In 2020 when most of the world stayed inside, firefighters kept loading into their trucks and going out on calls.
As COVID-19 numbers went up, the number of house fires, rescues, and medical emergencies didn’t go down. And unfortunately for West Coast fire teams, wildfire season arrived on schedule.
Around Seattle and other parts of Washington state, firefighters struggled on numerous fronts: similar to healthcare workers, firefighters scrambled to find personal protective equipment like masks and gloves. COVID exposures and staff illnesses meant crews were stretched to cover calls. In summer and fall of 2020, fire departments had even slimmer teams to battle record-breaking megafires, which ravaged Western states.
For the hardworking staff coordinating logistics, it was a nightmare.
Drinking from the fire hose
“Our members were overwhelmed,” says Helen Kramer, the longtime executive assistant of the Washington State Council of Fire Fighters, a labor group representing 8,300 firefighters. “They were working overtime covering for each other.”
Tracking internal COVID cases was a particularly elusive piece in the puzzle. The first COVID-19 cases in the U.S. appeared in Washington State, and the WSCFF, which monitors labor conditions for firefighters, needed a running count of personnel who were either quarantined or in isolation.
South King County Local 2024, the firefighters’ union that covers communities south of Seattle, started tracking COVID cases using a survey tool that dropped information into an Excel spreadsheet. They made the form available to all 120 local fire fighting unions, and most began reporting numbers.
With COVID spreading fast last spring, WSCFF began preparing daily COVID reports for state authorities, who were tracking force readiness. One day, Kramer recalls, at a 10-member department in eastern Washington, their data showed all 10 firefighters in quarantine.
Kramer spent up to three hours each morning pulling and correcting data, then posting it to the WSCFF website. It was a clunky system, urgently in need of an overhaul.
A fast, low-tech reporting solution
For years, Kramer and the WSCFF worked with a creative agency called The Rhizome Collaborative on branding and storytelling projects. Kramer thought Rhizome’s tech-savvy founder and creative director Jen Pennington might have a better reporting system in mind than spreadsheets.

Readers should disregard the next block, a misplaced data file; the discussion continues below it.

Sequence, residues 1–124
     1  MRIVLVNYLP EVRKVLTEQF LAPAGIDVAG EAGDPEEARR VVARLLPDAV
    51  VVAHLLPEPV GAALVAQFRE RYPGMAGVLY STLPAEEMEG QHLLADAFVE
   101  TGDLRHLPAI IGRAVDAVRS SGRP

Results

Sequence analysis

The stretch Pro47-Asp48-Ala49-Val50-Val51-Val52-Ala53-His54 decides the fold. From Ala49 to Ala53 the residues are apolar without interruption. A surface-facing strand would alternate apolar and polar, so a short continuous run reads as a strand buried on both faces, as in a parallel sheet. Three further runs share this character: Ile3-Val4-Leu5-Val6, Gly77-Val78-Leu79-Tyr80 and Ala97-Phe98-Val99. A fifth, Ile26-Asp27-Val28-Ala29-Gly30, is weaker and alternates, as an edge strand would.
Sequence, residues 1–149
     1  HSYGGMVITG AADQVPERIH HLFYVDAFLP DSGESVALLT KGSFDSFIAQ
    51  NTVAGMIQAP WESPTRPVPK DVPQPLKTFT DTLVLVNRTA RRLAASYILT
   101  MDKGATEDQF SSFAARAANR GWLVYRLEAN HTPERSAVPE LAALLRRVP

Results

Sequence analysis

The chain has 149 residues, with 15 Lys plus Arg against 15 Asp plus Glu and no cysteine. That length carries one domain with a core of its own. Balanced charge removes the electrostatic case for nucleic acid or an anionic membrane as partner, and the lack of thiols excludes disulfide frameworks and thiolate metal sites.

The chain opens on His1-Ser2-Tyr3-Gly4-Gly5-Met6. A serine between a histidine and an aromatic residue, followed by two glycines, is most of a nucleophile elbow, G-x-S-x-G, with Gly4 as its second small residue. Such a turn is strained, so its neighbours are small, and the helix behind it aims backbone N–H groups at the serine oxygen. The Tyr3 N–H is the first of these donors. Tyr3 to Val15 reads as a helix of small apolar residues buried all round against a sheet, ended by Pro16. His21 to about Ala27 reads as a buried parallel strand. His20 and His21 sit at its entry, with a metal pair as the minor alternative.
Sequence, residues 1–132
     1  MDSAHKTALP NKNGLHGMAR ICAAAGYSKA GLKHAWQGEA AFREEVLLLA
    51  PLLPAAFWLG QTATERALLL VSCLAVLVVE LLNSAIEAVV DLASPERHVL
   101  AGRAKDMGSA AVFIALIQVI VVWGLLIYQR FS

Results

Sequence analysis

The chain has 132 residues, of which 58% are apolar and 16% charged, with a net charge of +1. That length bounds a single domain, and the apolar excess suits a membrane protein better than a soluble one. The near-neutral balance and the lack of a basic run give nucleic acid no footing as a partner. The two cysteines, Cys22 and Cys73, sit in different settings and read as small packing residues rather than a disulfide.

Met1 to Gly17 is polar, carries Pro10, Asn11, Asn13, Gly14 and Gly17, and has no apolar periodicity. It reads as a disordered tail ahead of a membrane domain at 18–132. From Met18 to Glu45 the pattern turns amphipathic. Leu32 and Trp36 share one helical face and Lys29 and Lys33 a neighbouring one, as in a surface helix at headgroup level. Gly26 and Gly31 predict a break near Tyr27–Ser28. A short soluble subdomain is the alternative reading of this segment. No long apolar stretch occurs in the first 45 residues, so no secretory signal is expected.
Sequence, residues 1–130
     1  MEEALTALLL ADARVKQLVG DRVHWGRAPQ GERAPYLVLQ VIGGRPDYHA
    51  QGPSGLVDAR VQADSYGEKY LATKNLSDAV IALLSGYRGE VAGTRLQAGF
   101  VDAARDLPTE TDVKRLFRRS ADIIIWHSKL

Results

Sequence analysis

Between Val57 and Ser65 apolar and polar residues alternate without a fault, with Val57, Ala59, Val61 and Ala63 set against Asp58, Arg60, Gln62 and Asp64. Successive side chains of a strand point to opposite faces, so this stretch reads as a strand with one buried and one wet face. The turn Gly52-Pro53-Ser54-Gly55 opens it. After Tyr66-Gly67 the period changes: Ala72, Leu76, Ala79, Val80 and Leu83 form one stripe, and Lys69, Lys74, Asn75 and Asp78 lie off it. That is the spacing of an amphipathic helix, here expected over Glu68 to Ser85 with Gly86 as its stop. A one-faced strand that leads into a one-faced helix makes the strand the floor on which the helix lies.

Pennington knew whatever system she designed would need to come together fast. “Firefighters don’t have time for you to write a bunch of code,” she says. She turned to Airtable, which her agency used for a number of other projects. Pennington created an Airtable form for the firefighters. It featured a simple dropdown for each local union. The accessibility of that dropdown—paired with the form being accessible on mobile devices—led to faster reporting and fewer entry errors.
Some locals reported data every day, some weekly. That data included things like which members had tested positive or were in quarantine, and which had returned to duty. In about a week, Pennington built a form that gathered these real-time updates in an Airtable base. “They don’t always have access to a computer in the fire station,” Pennington said. “The form is so important. It has a responsive view that works on mobile.”
For Kramer, the Airtable system was a godsend during an anxious period. Pulling data went from hours to just 15 minutes.
“We’d closed our office, I was working from home. It took a lot of stress off,” she says. “It was easy for the members to use, easy for me on the back end, and you could see real-time data at any time. It was huge.”
Catching on in the region
The system worked so well that it turned heads in other states.
Firefighter union leaders in Idaho, Montana, and Alaska all asked Pennington and the Washington State Council for help building Airtable-based systems. Kramer says the data from the reporting system made the WSCFF a key resource for Washington’s State Fire Defense Committee, which prepares and implements mobilization plans to ensure adequate fire response statewide. Pennington worked with a developer at her agency to turn the data in Airtable into bar charts on the WSCFF website.
“The executive boards, they were really using this data,” Pennington says. “They could see: where are our trouble spots? What is our data saying? How are we responding?"
Using Airtable for other jobs
Now that COVID cases have slowed in Washington, local fire groups use the Airtable reporting system less often. But Pennington says WSCFF is exploring how to use Airtable to streamline other work—like bringing motions to the floor at a large annual statewide conference. Airtable wasn’t just the right tool for a pandemic problem, she says. It’s a user-friendly system they can employ when they need to build any new system fast.
“Firefighters are decision makers,” Pennington says. “Things have to come together quickly. It’s what I love about working with them.”